Letter to Alice Crump, 10 April 1963

Letter to Alice Crump, 10 April 1963

On “Port Auckland”
Port Chalmers,
April 10th, ‘63.

... so sorry that we missed seeing you again before we left the north to get down to this ship. A worse place to join the vessel, it is true, would have been the Bluff, but we were spared that. One thing about joining it here was that we saw a number of my relatives and friends at the Christchurch airport where we spent an hour before getting the last stage by air to Dunedin.

Isabel and Robin sent some lovely flowers to the ship and Lucy is getting off a letter to them from here to thank them.

Next time we come, (before Dec. I hope), we shall stay longer and we will probably uproot from Rotherfield altogether, and be prepared to stay in N.Z. for an indefinite period. These breaks from a place where one has lived many years are hard to bear, and I suppose the only way to maintain the link is to let a house on longish lease. But that means a lot of bother in England unless one is living in that country also to keep an eye on things. Just as big a break or wrench is to cut off the contact with friends over there. So at present, or at least soon, we shall be faced with a period of relative isolation and be sorry for ourselves! The only way to avoid that will be to come out here. In any case it’s the best thing in so many ways especially as regards health. Anyone over 60 finds the winters perfectly bloody, what with the fog, smog, and cold. We have revelled in the lovely weather this time and we are both convinced that we will not be cut off from it anymore. So we’ll be seeing you!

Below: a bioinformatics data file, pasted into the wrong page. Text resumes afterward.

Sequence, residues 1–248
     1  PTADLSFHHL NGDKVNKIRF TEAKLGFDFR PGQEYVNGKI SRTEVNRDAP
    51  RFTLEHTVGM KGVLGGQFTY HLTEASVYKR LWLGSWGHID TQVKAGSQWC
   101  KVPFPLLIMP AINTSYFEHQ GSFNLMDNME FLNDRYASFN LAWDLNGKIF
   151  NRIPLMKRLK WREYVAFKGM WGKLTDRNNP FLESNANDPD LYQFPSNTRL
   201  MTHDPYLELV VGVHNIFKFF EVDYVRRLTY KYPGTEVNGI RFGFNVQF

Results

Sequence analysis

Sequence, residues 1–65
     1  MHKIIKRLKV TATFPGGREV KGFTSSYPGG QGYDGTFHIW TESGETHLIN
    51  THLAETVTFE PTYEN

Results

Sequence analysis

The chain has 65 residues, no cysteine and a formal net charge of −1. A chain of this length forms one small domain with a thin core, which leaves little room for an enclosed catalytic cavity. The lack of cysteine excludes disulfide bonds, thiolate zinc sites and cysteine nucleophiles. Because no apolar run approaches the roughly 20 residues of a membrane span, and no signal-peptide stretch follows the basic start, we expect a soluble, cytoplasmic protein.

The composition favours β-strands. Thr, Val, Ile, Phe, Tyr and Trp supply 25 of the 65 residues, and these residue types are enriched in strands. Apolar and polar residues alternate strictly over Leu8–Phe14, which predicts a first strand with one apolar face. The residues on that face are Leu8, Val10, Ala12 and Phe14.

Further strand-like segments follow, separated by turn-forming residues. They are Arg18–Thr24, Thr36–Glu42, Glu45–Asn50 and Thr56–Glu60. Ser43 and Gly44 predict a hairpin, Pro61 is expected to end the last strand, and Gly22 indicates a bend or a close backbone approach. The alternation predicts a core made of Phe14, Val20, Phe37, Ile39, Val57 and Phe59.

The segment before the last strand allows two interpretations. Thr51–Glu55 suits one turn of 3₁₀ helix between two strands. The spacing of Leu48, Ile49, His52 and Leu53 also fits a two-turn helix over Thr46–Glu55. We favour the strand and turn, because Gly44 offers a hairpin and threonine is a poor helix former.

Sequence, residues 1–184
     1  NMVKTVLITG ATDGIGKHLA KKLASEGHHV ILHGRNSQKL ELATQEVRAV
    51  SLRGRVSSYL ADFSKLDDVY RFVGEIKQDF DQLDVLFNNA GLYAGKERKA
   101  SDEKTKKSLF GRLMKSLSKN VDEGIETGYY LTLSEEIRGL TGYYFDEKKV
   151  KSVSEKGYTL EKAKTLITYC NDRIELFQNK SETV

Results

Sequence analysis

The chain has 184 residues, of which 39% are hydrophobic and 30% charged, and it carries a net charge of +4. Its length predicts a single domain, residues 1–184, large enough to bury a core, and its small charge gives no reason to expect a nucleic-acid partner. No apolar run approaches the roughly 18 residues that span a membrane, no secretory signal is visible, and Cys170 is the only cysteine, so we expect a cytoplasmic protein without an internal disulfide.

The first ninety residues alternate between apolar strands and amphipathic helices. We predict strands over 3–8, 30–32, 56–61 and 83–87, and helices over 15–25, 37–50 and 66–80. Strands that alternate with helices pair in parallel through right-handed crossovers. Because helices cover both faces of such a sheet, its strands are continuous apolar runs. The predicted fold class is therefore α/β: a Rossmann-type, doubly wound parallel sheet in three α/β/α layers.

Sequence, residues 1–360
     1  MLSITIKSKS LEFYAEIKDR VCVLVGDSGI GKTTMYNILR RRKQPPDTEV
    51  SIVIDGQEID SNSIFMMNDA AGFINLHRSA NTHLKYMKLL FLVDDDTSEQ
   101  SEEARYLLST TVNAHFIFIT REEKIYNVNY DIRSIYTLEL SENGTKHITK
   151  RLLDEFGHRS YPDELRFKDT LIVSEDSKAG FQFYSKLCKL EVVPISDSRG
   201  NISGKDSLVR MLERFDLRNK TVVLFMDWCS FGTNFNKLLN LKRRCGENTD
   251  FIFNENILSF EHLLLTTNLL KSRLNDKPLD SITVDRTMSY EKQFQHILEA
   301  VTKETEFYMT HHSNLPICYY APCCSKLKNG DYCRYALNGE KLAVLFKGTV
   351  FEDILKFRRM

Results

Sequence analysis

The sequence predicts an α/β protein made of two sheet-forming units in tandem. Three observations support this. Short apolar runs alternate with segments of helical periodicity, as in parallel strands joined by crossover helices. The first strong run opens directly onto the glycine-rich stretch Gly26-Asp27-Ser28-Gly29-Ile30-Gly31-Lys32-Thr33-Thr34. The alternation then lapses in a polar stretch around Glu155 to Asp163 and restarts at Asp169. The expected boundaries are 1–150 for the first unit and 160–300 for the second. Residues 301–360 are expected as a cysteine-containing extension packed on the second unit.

I have missed very much not seeing you this time. A brief glimpse at Mary’s by no means sufficed. But I look forward to the next meeting. Do “old men forget?”, as Duff Cooper suggested in his memoirs – the chap who married Lady Diana Manners. They do in the case of more recent events, but the memory for things remote is remarkably good as a rule. And my memory of the things and associations of pre-First World War are indeed precious to me and the mental images extraordinarily clear of them. Your touching on fishing in your recent holiday brought back rapidly the times when you used to come to Ocean Bay – “seasick point”, for example, and many other things which were experienced in Eltham and elsewhere.

Well, I must stop. The above is not merely sentimental stuff. They are things that I treasure and I could not possibly forget those. So for now goodbye and I look forward to seeing you soon, my dear – look after yourself.